The Joplin Globe, Joplin, MO

Local News

March 22, 2013

Video: Tesla v. Edison

Neosho High School students hear Crowder College debaters discuss the merits of scientists

NEOSHO, Mo. — Neosho High School science students on Friday heard Crowder College debaters  discuss the relative merits of Nikola Tesla and Thomas Edison.

The event was presented by the Crowder Debate Program and the Missouri Alternative and Renewable Energy Technology Center.

Tesla, the proponent of alternating current for delivery of electric power, was represented in the debate by Ryanne Peters, second-year public relations major. Edison, a proponent of direct current, was represented by William Wheeler, a second-year general studies major. Peters said Tesla was a scientist and a futurist, rather than the businessman that Edison was.

“Tesla was much more of a scientist, much more of a thinker,” Peters said. She said Tesla had a dream of providing free electricity, wirelessly, using alternating current.

“It’s a very simple system to use,” Peters said of alternating current.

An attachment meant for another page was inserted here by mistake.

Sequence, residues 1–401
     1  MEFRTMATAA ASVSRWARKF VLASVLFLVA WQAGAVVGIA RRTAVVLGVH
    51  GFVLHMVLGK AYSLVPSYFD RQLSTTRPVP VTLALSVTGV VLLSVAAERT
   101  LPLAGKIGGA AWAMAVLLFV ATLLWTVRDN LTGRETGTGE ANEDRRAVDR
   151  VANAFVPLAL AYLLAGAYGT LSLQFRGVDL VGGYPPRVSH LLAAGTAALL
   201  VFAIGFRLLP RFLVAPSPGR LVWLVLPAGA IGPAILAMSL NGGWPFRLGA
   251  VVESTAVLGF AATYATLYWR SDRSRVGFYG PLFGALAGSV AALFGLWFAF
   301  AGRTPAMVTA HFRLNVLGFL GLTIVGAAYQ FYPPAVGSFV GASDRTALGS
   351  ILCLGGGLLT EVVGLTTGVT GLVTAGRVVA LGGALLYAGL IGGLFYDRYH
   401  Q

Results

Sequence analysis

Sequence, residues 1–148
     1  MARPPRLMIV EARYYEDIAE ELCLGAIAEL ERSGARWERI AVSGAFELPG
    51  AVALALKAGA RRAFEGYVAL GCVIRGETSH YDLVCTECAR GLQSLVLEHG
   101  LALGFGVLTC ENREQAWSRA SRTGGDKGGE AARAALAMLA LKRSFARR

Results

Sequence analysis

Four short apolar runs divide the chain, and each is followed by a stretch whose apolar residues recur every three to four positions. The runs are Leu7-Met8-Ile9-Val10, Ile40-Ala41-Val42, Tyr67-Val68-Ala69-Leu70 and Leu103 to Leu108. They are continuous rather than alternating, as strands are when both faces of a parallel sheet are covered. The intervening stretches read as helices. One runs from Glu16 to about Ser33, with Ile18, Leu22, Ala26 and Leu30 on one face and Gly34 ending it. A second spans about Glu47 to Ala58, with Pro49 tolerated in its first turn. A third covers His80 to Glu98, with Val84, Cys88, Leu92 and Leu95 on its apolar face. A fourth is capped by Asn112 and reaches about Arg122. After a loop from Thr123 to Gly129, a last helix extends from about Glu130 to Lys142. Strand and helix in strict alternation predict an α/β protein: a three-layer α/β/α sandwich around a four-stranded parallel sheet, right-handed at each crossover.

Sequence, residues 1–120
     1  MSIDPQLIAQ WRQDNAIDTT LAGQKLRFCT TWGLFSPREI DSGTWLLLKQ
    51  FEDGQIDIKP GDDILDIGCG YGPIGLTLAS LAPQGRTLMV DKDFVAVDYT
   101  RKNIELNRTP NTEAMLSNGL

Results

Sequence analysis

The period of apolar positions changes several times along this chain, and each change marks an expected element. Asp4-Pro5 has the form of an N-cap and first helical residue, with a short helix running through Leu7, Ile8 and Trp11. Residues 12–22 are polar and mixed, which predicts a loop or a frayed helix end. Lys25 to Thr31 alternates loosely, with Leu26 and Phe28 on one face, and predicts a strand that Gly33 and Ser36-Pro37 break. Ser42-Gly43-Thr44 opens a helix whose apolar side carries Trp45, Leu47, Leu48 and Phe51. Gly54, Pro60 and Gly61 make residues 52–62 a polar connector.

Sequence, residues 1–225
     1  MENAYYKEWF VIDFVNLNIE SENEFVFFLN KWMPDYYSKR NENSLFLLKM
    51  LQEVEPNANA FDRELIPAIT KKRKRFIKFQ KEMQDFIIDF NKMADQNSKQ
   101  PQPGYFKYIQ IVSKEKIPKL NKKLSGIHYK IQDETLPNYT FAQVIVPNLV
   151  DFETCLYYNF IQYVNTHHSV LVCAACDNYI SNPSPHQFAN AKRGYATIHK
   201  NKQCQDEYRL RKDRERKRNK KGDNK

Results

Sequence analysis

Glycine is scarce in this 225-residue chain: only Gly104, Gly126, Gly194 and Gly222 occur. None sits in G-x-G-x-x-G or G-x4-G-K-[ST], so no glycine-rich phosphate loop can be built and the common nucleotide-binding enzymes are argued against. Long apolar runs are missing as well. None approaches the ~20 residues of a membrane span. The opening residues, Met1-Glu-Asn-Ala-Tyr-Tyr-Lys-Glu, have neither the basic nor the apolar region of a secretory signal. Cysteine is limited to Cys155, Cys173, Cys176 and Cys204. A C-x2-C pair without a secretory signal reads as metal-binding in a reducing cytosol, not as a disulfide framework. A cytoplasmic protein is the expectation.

Peters said Edison used unethical scare tactics and disinformation to try to make alternating current appear unsafe electrocuting animals, most famously Topsy, an elephant.

She said Tesla also tried to develop technologies that could eliminate war.

“He tried to make it an obsolete thing,” she said.

Wheeler said Edison was superior, with more than 1,000 patents, compared with Tesla’s 275.

He said Edison invented sound recording and motion pictures.

“No ‘Avengers’ movies or ‘Batman’ without Edison,” Wheeler said.

Edison also invented the electric light bulb, Wheeler said.

“We would just be talking in a dark room,” he said.

Wheeler said Edison came up with practical solutions, whereas Tesla was an impractical dreamer.

“He was the quintessential American businessman,” Wheeler said.

Wheeler said without direct current, one cannot store electric power.

“Thomas Edison was the person, not Nikola Tesla, who was ahead of his time,” Wheeler said.

After the debate, the students viewed energy experiments at the MARET Center.

Johnathan stet McDonald, a 15-year-old freshman at Neosho High School, said the debate was interesting, because he had never heard of Tesla. He also enjoyed the experiments.

“I think it’s pretty cool,” he said. “It’s great to get younger people interested in science.”

 

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